The top Democrat on the Judiciary Committee suggested Thursday there was something funny about how quickly President Trump named his Supreme Court nominee, seemingly lending her voice to conspiracy theories that there was a deal in place with retiring Justice Anthony M. Kennedy.
“Historically, that process takes at least a month and at times that takes several months,” said Sen. Dianne Feinstein, California Democrat. “What this suggests is the selection of Brett Kavanaugh was preordained.”
An NBC reporter claimed this week that the White House had been negotiating Justice Kennedy’s retirement with him for several months in exchange for a promise Judge Brett Kavanaugh, who sits on the federal appeals court in D.C., would fill his seat.
The White House and top advisers in the nomination process have flatly refuted that allegation, calling it insulting to Justice Kennedy’s decades of service.
Justice Kennedy announced his retirement June 27. Judge Kavanaugh was tapped on Monday, 12 days later.
A Washington Times review of the days between a Supreme Court justice’s retirement and a new nomination found that while that was on the lower end, it is not the quickest.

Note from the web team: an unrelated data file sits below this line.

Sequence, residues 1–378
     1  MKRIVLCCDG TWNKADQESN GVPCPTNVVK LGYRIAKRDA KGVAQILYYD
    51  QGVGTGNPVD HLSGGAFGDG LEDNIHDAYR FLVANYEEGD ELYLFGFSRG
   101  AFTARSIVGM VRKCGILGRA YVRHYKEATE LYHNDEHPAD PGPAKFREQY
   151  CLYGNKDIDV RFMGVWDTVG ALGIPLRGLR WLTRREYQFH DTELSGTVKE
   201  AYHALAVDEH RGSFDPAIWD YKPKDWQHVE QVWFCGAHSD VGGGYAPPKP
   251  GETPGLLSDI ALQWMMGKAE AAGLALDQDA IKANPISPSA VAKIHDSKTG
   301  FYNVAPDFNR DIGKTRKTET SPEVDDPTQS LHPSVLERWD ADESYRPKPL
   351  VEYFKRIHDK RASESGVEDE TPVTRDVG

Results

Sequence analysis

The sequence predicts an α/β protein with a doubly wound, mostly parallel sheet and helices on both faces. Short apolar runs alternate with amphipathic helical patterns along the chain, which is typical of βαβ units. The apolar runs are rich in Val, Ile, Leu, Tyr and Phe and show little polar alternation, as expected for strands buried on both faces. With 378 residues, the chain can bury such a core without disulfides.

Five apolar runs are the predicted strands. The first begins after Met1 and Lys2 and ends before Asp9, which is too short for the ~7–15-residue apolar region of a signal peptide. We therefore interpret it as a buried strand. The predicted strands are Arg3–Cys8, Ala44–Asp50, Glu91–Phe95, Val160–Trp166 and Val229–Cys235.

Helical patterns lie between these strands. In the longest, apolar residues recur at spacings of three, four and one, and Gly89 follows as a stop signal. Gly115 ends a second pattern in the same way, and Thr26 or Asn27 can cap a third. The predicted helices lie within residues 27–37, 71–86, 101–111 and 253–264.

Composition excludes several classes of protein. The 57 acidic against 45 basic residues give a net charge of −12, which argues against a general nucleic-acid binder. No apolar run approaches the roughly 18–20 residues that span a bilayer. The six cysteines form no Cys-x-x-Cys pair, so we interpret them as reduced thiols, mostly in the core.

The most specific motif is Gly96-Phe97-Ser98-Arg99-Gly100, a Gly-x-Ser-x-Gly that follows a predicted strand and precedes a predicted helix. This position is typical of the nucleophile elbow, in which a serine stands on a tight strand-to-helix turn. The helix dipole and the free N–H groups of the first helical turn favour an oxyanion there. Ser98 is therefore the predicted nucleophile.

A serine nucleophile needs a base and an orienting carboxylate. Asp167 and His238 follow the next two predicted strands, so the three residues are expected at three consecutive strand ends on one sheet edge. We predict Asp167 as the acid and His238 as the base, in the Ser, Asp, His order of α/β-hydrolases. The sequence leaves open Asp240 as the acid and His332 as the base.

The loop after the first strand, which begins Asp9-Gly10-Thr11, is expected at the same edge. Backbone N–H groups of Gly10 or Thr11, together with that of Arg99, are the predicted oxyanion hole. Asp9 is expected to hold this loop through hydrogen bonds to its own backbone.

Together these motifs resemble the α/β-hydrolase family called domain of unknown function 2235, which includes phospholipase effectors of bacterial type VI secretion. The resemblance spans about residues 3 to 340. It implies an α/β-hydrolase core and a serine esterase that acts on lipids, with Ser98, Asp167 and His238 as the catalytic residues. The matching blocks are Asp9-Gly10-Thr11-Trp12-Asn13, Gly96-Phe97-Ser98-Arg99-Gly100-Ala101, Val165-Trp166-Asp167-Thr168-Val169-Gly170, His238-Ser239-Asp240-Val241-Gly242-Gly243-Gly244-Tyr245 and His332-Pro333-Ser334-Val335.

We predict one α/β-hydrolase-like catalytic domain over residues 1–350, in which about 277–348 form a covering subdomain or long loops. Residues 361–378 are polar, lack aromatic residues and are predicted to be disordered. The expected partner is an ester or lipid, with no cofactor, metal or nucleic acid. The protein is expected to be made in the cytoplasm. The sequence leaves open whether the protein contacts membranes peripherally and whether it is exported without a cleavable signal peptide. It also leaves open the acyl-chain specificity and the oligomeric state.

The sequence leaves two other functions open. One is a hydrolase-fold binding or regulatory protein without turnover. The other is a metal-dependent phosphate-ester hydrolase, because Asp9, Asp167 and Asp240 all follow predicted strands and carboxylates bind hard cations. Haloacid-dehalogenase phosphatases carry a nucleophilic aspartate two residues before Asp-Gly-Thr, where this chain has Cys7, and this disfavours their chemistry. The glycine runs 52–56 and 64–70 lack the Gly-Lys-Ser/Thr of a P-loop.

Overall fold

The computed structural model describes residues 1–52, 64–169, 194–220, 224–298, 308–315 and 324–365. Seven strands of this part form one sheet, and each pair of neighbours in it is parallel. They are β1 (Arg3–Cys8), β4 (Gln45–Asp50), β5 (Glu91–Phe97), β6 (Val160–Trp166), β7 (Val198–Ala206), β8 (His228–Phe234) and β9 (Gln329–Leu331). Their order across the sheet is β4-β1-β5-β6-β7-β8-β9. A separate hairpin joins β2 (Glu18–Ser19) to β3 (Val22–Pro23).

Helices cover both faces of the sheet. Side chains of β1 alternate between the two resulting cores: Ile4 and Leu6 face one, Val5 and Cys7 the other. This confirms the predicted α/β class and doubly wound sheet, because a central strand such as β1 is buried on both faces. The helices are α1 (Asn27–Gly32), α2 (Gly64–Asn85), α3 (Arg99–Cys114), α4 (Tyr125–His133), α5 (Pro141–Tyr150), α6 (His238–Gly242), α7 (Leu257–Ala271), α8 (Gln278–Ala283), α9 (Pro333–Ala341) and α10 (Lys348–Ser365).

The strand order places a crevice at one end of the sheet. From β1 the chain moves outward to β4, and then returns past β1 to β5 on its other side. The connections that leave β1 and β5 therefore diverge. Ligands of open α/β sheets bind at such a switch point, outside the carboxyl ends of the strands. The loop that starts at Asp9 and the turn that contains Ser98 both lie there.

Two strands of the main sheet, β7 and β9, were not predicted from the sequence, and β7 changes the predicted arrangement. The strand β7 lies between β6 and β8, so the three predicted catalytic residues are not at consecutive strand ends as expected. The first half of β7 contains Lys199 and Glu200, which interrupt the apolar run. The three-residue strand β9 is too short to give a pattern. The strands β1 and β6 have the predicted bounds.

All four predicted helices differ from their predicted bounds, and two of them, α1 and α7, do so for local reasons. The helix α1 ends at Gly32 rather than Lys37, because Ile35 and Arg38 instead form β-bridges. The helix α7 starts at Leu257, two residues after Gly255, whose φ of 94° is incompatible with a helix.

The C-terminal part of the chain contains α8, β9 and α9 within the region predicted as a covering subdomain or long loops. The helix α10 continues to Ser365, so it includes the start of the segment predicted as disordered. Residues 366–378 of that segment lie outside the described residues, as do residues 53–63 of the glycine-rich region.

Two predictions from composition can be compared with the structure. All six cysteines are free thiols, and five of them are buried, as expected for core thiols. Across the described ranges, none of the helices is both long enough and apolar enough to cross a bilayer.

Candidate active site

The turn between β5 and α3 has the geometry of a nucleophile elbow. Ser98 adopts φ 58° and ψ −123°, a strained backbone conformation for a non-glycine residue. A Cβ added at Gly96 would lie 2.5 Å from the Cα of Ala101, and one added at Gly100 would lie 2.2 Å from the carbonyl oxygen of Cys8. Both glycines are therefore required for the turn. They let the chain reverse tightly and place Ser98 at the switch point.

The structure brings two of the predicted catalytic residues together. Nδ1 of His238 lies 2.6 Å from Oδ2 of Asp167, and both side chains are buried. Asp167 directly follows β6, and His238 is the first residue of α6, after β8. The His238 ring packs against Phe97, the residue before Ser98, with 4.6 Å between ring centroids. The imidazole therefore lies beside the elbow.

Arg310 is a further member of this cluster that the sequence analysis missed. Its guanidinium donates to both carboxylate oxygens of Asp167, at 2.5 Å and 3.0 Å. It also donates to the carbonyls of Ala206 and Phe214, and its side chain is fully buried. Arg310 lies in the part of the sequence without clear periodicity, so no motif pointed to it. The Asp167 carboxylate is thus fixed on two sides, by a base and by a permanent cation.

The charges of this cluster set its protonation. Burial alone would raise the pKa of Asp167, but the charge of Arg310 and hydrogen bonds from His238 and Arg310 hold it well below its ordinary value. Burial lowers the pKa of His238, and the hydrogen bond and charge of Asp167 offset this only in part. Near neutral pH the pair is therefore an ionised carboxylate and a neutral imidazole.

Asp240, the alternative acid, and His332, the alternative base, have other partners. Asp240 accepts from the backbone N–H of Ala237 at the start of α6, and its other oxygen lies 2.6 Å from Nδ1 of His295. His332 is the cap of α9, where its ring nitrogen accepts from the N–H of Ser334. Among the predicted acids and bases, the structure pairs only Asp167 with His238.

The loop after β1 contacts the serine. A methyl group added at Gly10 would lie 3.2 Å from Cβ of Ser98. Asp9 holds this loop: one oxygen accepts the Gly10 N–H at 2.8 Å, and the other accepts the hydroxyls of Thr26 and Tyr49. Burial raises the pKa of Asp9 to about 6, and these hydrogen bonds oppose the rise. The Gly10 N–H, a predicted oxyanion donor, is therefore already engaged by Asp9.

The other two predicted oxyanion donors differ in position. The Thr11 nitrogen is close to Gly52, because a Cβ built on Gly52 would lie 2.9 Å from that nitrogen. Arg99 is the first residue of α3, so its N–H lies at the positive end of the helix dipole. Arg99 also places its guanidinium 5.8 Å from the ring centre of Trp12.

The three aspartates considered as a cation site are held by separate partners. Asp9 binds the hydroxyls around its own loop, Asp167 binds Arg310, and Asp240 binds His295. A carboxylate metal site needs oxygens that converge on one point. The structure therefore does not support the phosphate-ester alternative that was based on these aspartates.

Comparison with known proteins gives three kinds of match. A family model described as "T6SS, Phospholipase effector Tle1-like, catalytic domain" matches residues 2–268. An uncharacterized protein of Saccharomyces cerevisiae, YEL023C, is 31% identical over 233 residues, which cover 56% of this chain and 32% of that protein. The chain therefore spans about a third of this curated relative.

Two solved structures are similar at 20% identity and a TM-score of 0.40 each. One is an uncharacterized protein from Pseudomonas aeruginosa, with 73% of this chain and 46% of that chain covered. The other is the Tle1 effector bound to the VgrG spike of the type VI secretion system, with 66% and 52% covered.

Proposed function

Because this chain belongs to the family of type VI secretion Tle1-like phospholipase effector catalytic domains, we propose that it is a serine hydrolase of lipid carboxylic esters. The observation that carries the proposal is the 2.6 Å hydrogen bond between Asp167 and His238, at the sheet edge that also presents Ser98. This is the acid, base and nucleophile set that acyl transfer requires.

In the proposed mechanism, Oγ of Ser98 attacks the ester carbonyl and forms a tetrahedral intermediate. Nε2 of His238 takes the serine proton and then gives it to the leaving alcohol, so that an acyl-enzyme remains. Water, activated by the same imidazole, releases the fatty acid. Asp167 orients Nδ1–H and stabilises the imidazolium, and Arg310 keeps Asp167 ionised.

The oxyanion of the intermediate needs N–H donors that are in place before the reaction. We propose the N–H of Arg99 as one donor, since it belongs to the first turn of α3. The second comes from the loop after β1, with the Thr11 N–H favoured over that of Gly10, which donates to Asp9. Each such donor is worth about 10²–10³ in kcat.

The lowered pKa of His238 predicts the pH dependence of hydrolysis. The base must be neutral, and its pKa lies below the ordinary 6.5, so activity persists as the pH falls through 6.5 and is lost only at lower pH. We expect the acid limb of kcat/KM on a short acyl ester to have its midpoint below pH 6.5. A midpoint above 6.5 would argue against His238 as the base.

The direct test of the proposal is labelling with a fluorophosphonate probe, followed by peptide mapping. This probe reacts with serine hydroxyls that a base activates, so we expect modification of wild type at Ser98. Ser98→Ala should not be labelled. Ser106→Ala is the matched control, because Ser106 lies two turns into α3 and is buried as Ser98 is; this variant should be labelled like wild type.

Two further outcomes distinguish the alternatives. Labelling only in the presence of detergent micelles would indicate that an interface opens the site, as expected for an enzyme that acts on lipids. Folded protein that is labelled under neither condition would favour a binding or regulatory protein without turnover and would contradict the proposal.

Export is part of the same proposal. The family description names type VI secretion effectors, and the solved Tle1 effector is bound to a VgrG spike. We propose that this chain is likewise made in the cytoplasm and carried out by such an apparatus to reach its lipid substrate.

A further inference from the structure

Justice Clarence Thomas was nominated to the high court on July 1, 1991 — just five days after Justice Thurgood Marshall announced his resignation on June 27.
And Justice Neil M. Gorsuch, Mr. Trump’s first pick to the high court, was announced Feb. 1, or 12 days after Mr. Trump was inaugurated.
Both Justice Gorsuch and Judge Kavanaugh were also on a public list of possible Supreme Court justices Mr. Trump has worked from to make his selection. The list was drawn up during the 2016 campaign, and expanded — with Judge Kavanaugh and other names added — late last year.
Ms. Feinstein said it’s “unusual at the very least” for the deputy attorney general to instruct roughly 100 full-time lawyers to review more than a million pages of documents linked to Judge Kavanaugh’s time working in the George W. Bush administration. Prior to becoming a judge, he worked as a White House staff secretary.
“This is going to be my 10th Supreme Court hearing and I have never seen this amount of documentation that will need to be available for review,” she said.